Etiquette School is in session! > "So kind of you to take an interest."

Should I use this on my mother?

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wyozozo:
I hope she offers better advice to her patients. Her compassion seems a bit lacking.

Mental Magpie:

--- Quote from: wyozozo on August 06, 2011, 11:46:23 AM ---I hope she offers better advice to her patients. Her compassion seems a bit lacking.

--- End quote ---

She is a great doctor, honestly, and is actually very compassionate with her patients.  I am her daughter, however, which means that she does not have to be "professional" (for a lack of a better word).  I will give it to my mother, she is very candid and straightforward; but she knows when to and when to not say things to patients.

Virg:
I have to cast in with Sway's first paragraph here.  Don't argue, don't engage, don't discuss.  Don't bring up your friend again, advise your friend to look elsewhere for advice, and apply the bean dip liberally if your mother brings it up.  You said yourself that "It is mostly useless to argue with my mother about those sorts of things...".  Therefore, don't do it.

Virg

afbluebelle:

--- Quote from: Dark Magdalena on August 06, 2011, 02:14:39 AM ---BG: My best friend is 22. She cheated on her husband, the stinky brown stuff hit the fan, and the emotional abuse really started to get heavy.  She feels like she deserves it because of what she did.  END BG.

I told my mother of the most recent altercation (in which he went to jail for putting his hands on her (the first time something physical has happened)).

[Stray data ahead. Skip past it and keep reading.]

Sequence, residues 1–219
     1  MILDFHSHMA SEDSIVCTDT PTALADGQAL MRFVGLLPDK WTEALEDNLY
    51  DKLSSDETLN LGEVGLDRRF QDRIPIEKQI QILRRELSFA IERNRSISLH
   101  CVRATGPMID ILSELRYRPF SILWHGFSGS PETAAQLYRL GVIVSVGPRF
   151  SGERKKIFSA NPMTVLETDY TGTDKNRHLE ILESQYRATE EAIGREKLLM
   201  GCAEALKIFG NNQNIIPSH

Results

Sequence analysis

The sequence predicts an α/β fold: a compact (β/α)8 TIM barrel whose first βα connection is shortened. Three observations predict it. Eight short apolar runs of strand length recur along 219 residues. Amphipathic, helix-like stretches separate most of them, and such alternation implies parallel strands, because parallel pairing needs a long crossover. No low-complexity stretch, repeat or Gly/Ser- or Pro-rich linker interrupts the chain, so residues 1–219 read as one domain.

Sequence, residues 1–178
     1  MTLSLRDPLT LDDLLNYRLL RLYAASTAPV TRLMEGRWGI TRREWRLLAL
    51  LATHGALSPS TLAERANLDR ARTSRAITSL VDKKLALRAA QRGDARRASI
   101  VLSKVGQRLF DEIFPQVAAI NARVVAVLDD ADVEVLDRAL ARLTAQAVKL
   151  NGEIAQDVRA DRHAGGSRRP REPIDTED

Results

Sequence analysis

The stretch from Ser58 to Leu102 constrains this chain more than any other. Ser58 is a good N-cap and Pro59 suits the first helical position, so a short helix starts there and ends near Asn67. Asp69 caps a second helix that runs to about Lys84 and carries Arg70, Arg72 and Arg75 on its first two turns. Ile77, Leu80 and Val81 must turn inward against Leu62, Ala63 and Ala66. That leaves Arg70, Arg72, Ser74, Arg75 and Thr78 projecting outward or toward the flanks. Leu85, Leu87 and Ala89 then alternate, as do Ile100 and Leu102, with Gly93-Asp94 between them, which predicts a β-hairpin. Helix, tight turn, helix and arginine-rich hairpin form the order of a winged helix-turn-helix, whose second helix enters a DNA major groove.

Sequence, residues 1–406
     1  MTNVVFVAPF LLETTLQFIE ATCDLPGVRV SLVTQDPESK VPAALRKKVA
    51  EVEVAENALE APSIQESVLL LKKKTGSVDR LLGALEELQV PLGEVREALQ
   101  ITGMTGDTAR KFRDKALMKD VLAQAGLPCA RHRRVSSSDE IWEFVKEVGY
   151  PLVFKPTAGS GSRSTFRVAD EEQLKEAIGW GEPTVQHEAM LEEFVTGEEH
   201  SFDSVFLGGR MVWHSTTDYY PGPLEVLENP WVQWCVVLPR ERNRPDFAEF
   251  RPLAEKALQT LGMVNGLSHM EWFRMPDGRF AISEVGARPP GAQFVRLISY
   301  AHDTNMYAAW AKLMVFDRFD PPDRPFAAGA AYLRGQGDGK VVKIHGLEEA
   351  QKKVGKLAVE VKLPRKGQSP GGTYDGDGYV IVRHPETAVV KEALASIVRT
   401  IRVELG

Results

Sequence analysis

--- End quote ---

Not trying to judge your friend, but if your mother knows the backstory (i.e. cheating, fanning, then abuse raining down) it might cloud her opinion of your friend just a wee bit. I don't doubt your friend, but their is abuse, then there is "my husband called me names... he said he forgave me, why can't he forget it. I'm so abuuuuuuuuuused". I see a lot of both kinds in my job...

I hope that your friend can find a resolution for her situation that is safe. But yeah, your mom might not be the best source of advice.

Mental Magpie:

--- Quote from: afbluebelle on September 10, 2011, 04:06:31 PM ---
--- Quote from: Dark Magdalena on August 06, 2011, 02:14:39 AM ---BG: My best friend is 22. She cheated on her husband, the stinky brown stuff hit the fan, and the emotional abuse really started to get heavy.  She feels like she deserves it because of what she did.  END BG.

I told my mother of the most recent altercation (in which he went to jail for putting his hands on her (the first time something physical has happened)).

--- End quote ---

Not trying to judge your friend, but if your mother knows the backstory (i.e. cheating, fanning, then abuse raining down) it might cloud her opinion of your friend just a wee bit. I don't doubt your friend, but their is abuse, then there is "my husband called me names... he said he forgave me, why can't he forget it. I'm so abuuuuuuuuuused". I see a lot of both kinds in my job...

I hope that your friend can find a resolution for her situation that is safe. But yeah, your mom might not be the best source of advice.

--- End quote ---

My mom doesn't know the entire backstory.  It did come up again (what my mother had said) and my sister (recovering alcoholic chimed in), "Then you need to tell me to grow up, too."  My mother did  >:(.  Further conversation revealed a little bit more about what she meant by it.  I still don't agree with her assessment but I at least understand it now.  She pretty much said that if Dark Friend was more mature, she would have been able to see the abuse for what it was.

Also, the abuse happened before she cheated and only got worse after the fact.  He fit the classic signs of an abuser; it wasn't just, "Oh but he was mad at me today because I didn't go to lunch with him, he's soooo abusive!" (I've definitely heard that, too, and promptly told the person that it was not abuse; if she wanted to hear about abuse she should visit a woman's shelter.  She pretty much just wanted attention.)

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